- U.S. Government Reopens: Updates Regarding Immigration Services and Operations
- Changes to U.S.-China Visa Reciprocity
- Malaysia Implements New Submission Process for i-Passes
U.S. Government Reopens: Updates Regarding Immigration Services and Operations
The government shutdown is officially over and immigration filings (i.e., labor condition applications, prevailing wage determinations, and PERMs) can be filed again after a two and a half week stoppage.
As of 11:00 am EST, the Department of Labor’s iCERT system has been restored and as of 12:30 pm EST today, the on-line PERM system was restored as well. However, due to the long in-operation and the predicted high volume of users, the government warns that both systems may be slow. EIG has experienced glitches/delays with both online systems today.
Regarding H-1B, H-2A, and H-2B Petitions that could not be filed during the shutdown due to the inability to obtain a valid labor condition application, USCIS reports that they will consider the shutdown as an “extraordinary circumstance” and will excuse late filings provided the petitioner meets all other applicable requirements.
USCIS also reports that the E-Verify system has resumed operations and states that any employees who received a Tentative Nonconfirmation (TNC) and were unable to resolve the TNC due to the shutdown, will now have 12 federal business days after the date printed on the “Referral Letter” to contact the Social Security Administration or the Department of Homeland Security. Regarding creating cases, Employers have until November 5, 2013 to create an E-Verify case for all employees hired during the shutdown. Employers should select “Other” from the list of reasons of why the case is late and write “federal government shutdown.”
While there are governmental glitches as services resume, we at EIG are thrilled and thankful that the shutdown is over – and look forward to getting back to business as usual.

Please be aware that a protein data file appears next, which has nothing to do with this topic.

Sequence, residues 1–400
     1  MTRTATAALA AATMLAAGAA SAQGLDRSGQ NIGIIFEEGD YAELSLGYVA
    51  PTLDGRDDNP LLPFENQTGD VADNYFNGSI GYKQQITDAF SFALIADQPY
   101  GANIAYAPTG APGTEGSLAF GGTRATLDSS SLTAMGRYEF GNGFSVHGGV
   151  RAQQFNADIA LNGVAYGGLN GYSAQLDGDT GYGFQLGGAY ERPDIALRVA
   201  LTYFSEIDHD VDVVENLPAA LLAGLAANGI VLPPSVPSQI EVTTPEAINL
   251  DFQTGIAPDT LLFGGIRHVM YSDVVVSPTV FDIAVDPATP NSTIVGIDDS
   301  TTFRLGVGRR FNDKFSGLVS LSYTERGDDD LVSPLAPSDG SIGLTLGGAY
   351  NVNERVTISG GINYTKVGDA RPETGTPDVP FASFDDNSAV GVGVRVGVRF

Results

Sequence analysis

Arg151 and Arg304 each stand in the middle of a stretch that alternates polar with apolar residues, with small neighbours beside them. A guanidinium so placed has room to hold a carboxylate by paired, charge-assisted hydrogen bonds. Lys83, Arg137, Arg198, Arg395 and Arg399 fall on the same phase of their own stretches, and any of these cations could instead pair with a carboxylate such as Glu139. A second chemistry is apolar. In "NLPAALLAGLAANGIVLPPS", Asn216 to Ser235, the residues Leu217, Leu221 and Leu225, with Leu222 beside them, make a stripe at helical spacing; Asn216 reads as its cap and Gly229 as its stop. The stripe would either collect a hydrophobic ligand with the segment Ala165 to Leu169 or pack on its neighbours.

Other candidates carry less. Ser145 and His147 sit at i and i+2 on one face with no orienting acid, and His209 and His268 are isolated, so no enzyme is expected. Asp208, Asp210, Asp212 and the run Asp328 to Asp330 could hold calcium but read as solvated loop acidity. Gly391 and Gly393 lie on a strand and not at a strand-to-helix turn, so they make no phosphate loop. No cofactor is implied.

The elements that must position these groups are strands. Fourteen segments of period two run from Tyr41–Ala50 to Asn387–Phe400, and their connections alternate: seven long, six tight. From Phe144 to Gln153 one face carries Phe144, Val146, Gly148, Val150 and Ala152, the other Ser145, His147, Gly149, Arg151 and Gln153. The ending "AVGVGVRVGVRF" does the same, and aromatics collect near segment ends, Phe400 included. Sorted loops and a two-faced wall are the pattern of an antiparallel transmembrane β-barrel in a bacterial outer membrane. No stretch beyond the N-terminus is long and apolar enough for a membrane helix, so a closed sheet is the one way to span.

Changes to U.S.-China Visa Reciprocity
Recent changes to the visa reciprocity table between the U.S. and China have increased the validity for C-1, C1/D, and D visa to 60 months. C visas are issued to foreign crew members of means of international transportation (e.g., aircraft, trains, and ships), to motor vehicle drivers engaged in cross-border transport activities, or to the accompanying family members of the crew members of the above-mentioned ships. D visas are issued to individuals who intend to reside in China permanently.
For more information regarding visa reciprocity and fees, please visit http://travel.state.gov/visa/fees/fees_3732.html.
Malaysia Implements New Submission Process for i-Passes
Malaysia has implemented changes to the submission process for employment and dependant i-Passes with the Multimedia Development Corporation (MDeC), a government-sponsored initiative aimed to facilitate a hi-tech business industry in Malaysia. These applications must now be submitted directly to the Immigration Unit of the MDeC instead of the Malaysian Immigration Department Headquarters (MYIDHQ), and the processing time will now be 30 to 60 days. At this time, no official guidance has been released regarding the updated procedures or requirements in light of this change.
The i-Pass is an identification card issued to foreign nationals that may be used in lieu of a passport for travel inside peninsular Malaysia. A passport is still required for travel to Sabah and Sarawak. Additionally, i-Pass holders are not required to complete an embarkation card when re-entering Malaysia. The i-Pass can only be applied for in connection with a new or renewal employment pass application but is not required to begin work, which is authorized once the foreign national has an employment pass inside his or her passport.